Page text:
My goodness, this is such a different and interesting teen book, perfectly placed in that awkward inbetweeny years of not really knowing oneself but hoping for meaning.
Taking the diary format as an outlet of adolescent frustrations and aspirations it will remind adult readers of the younger diaries of Adrian Mole, and younger readers of middle grade diary efforts but this is an incredibly clever narration as Jo promises at first just to put the good bits in… the humour and teenage whinging and worrying belies heartbreaking truths that will make your heart burst for Jo.
Trigger warnings: Domestic Abuse, Mental Health issues, Child Abuse (violence)
This is a secret diary of Jo Kwan, between the summers of 1984-7 after her parents move into the upstairs flat of a Chinese Takeaway in Coventry.
Jo feels her family is crazy between using soy sauce as a miracle cure, the annual battle of the lobster at Christmas instead of turkey, the fact she has to work in her parents takeaway and the fact that her family can’t really talk to each other; her mum doesn’t speak English, her grandparents don’t speak English and yet the children don’t speak Chinese. This brings not just isolation from her family but from the Chinese community and as Jo experiences racism she feels she doesn’t really fit in anywhere.
But this diary reveals bit by bit how she begins to build a life, even when it seems dark and inescapable.
This is an incredibly sweet and funny book that has moments of incredible tenderness with an undulation of something unspoken.
As an adult I was saddened and angry, as a parent I was furious throughout at some things and the reveals later in the book made me incandescent and want to rescue Jo.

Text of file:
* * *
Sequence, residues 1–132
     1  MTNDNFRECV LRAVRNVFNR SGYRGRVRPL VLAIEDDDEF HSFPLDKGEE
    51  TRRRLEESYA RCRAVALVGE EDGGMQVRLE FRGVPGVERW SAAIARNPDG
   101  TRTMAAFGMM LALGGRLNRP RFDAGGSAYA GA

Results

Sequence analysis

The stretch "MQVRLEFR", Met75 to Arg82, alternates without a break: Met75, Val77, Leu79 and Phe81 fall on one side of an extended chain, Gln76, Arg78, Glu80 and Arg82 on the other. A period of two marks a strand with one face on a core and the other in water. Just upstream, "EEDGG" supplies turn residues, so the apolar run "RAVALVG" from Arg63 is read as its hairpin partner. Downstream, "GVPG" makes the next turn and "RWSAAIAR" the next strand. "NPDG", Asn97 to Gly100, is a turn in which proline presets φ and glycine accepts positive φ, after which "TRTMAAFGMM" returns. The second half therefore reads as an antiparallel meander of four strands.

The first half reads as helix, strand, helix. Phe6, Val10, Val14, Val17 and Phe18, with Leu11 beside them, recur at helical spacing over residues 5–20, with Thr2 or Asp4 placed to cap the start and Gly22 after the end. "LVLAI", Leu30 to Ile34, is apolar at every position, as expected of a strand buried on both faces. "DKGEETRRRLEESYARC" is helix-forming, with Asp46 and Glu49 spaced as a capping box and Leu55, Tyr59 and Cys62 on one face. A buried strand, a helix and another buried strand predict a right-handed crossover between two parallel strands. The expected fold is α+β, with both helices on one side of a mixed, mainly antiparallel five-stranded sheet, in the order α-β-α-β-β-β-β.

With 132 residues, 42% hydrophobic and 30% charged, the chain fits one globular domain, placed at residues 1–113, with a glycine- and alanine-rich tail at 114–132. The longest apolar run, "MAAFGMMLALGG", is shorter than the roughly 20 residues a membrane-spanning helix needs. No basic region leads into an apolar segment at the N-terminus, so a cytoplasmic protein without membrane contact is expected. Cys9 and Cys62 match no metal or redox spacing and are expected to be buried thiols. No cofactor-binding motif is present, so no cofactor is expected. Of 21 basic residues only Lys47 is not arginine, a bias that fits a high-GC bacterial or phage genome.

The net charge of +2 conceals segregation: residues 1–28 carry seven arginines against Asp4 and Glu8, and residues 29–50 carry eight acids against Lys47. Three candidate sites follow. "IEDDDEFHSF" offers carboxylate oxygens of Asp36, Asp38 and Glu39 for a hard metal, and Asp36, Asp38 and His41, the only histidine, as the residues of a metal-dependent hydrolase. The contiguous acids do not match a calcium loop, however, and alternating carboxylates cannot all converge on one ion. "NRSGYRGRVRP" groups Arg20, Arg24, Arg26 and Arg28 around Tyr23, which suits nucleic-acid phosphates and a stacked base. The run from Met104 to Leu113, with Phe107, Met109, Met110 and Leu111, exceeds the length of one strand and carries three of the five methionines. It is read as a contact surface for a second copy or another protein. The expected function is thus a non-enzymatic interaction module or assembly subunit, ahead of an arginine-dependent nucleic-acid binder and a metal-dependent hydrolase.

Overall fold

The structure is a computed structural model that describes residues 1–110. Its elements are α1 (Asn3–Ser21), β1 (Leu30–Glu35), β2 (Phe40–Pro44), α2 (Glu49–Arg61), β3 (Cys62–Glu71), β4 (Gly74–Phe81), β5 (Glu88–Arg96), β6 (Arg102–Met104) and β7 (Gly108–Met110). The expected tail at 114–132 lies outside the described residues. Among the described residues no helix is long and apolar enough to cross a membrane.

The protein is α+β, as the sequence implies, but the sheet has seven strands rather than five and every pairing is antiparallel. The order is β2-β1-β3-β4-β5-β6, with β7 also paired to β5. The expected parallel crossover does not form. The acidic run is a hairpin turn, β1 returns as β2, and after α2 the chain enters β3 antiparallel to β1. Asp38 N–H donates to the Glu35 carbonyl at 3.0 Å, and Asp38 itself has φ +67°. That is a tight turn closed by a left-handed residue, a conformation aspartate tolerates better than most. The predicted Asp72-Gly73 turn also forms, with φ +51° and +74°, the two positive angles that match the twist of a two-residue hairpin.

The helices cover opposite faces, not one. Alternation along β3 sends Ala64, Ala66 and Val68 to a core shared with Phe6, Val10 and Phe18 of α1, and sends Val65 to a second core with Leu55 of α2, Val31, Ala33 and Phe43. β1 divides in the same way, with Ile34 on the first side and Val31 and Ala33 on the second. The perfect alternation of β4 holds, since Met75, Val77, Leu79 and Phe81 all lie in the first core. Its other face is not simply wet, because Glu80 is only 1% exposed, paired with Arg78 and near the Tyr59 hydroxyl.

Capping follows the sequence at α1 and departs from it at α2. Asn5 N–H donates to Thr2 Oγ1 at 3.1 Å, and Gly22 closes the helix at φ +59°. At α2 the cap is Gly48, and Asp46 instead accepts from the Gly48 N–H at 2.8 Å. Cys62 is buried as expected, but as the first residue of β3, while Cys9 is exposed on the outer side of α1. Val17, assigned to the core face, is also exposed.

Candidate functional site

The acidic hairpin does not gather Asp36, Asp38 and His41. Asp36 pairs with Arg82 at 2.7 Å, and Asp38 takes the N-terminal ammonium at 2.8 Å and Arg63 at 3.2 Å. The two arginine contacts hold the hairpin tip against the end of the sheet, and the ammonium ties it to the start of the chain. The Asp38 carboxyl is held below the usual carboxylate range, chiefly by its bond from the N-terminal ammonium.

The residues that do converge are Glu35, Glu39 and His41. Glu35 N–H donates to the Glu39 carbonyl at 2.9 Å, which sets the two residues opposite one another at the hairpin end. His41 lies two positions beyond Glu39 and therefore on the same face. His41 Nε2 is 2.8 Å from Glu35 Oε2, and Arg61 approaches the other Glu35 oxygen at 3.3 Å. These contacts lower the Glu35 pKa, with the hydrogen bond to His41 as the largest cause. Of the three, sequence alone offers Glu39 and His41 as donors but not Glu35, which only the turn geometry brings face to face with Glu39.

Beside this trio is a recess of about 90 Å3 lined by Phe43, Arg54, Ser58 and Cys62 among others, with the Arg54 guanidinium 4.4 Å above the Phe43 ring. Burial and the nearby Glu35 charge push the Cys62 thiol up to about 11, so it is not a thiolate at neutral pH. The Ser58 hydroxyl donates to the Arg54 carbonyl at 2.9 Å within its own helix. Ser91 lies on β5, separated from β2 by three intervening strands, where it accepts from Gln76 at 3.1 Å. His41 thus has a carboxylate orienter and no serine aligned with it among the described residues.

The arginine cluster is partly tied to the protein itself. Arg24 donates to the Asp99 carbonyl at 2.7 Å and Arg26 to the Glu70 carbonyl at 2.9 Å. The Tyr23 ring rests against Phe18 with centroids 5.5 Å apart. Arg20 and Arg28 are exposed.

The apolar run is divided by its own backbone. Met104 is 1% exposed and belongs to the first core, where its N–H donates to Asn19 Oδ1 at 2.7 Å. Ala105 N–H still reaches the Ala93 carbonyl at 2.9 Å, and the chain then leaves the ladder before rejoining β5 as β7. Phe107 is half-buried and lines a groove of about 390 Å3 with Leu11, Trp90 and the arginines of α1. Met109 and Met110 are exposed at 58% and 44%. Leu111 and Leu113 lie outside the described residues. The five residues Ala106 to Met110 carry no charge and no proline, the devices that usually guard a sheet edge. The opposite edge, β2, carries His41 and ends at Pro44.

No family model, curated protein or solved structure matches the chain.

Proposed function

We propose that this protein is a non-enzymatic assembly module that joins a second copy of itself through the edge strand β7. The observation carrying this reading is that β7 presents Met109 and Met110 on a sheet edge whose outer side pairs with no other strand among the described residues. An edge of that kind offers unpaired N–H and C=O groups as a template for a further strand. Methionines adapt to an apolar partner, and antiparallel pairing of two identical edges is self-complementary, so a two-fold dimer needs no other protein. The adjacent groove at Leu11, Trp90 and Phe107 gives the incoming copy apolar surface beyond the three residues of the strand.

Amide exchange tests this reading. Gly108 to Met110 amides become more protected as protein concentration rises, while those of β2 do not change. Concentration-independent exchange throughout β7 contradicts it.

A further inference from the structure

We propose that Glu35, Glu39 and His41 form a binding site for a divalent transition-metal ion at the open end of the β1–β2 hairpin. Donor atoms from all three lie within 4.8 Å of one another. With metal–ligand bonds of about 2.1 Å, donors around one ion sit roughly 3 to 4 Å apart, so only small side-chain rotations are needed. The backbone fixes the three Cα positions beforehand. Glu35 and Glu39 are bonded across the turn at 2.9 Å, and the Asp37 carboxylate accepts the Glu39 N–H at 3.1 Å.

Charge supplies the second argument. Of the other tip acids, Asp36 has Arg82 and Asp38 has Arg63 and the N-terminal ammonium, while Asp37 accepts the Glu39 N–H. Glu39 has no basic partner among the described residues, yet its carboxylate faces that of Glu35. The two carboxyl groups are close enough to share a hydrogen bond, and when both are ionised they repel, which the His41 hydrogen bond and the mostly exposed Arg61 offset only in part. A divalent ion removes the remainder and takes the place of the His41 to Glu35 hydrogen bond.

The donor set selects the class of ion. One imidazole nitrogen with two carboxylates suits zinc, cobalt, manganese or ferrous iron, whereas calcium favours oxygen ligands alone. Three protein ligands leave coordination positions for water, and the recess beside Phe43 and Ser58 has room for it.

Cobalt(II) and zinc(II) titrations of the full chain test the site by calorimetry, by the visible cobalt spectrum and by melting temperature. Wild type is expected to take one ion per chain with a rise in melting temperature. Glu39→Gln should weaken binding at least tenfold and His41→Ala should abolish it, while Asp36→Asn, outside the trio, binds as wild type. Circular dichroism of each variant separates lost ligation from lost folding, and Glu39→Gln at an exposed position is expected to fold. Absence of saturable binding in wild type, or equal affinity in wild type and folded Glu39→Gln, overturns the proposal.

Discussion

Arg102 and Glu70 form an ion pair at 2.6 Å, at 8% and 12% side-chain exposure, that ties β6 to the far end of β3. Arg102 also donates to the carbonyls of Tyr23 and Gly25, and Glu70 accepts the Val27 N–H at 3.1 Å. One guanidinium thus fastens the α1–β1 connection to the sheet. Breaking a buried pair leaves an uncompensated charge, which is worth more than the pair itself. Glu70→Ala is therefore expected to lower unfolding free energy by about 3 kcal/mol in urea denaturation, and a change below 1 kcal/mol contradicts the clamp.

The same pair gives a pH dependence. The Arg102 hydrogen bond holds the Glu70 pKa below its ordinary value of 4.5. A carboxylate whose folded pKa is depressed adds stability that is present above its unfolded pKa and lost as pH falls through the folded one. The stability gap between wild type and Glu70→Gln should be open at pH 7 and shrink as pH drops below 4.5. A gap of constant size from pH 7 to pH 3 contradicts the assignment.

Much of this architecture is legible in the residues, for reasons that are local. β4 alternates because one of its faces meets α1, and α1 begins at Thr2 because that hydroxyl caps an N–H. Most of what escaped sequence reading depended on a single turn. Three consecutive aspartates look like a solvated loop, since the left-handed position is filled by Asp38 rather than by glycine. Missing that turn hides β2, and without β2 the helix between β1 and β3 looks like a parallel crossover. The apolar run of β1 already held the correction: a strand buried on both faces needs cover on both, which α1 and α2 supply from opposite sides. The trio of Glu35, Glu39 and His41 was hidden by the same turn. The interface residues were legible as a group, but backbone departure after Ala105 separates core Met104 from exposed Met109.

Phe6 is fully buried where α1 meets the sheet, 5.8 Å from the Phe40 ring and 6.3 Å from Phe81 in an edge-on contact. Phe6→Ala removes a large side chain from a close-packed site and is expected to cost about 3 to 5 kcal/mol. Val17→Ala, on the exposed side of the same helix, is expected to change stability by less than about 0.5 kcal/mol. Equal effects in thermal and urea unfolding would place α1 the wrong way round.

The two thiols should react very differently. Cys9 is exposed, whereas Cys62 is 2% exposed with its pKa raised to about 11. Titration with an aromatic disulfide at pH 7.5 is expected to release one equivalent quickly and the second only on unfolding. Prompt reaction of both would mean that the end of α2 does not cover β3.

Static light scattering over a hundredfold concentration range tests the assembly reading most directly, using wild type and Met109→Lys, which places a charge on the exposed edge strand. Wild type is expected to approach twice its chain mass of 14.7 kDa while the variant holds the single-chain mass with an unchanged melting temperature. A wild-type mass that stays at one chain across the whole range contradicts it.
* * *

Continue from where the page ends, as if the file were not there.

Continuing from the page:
But I know as a younger reader the ways these things are revealed can be very powerful, Cheung takes time to build our relationship with Jo, to get us to care, to laugh, cringe, hope and to dream with her before she finally confides in us the truth she’s been omitting in her diary entries.
There are strong Adrian Mole parallels with a working class 1980s Midlands setting, a sudden new sibling, a reluctant bond with an elderly member of the community and that cringeworthy horribleness that is being a teenager, not fitting in, not having the money to really try but dreaming of being great one day.
However Cheung has elevated this to new levels with a heartfelt portrayal of life feeling stuck between your identities, feeling English but others making Jo feel not quite enough yet at the same time not Chinese enough either thanks to neglect from her parents to immerse her in the heritage & language instead of cobbled Chinglish.
There are some truly beautiful moments, tender snatches of peace between Jo & Bonnie, Smiffy to the rescue and that surge of happiness feeling that Tina is a true friend for example. There are also completely bonkers hilarious moments too such as dad giving Billy the goat a piggyback ride that lift the moments of shock and sadness making Chinglish a bittersweet but ultimately hopeful story.
There is much in this novel for building empathy, but that would be a sad reason alone to pick up this book as it is a playful, hopeful and tender book full of dreams and frustrations, and whether or not children resonate or see parallels with life with the Kwans, Jo is a full and realised character that is a role model for strength and grit, and not being too proud to apologise either.
Chinglish: An Almost Entirely True Story by Sue Cheung is published by Andersen Press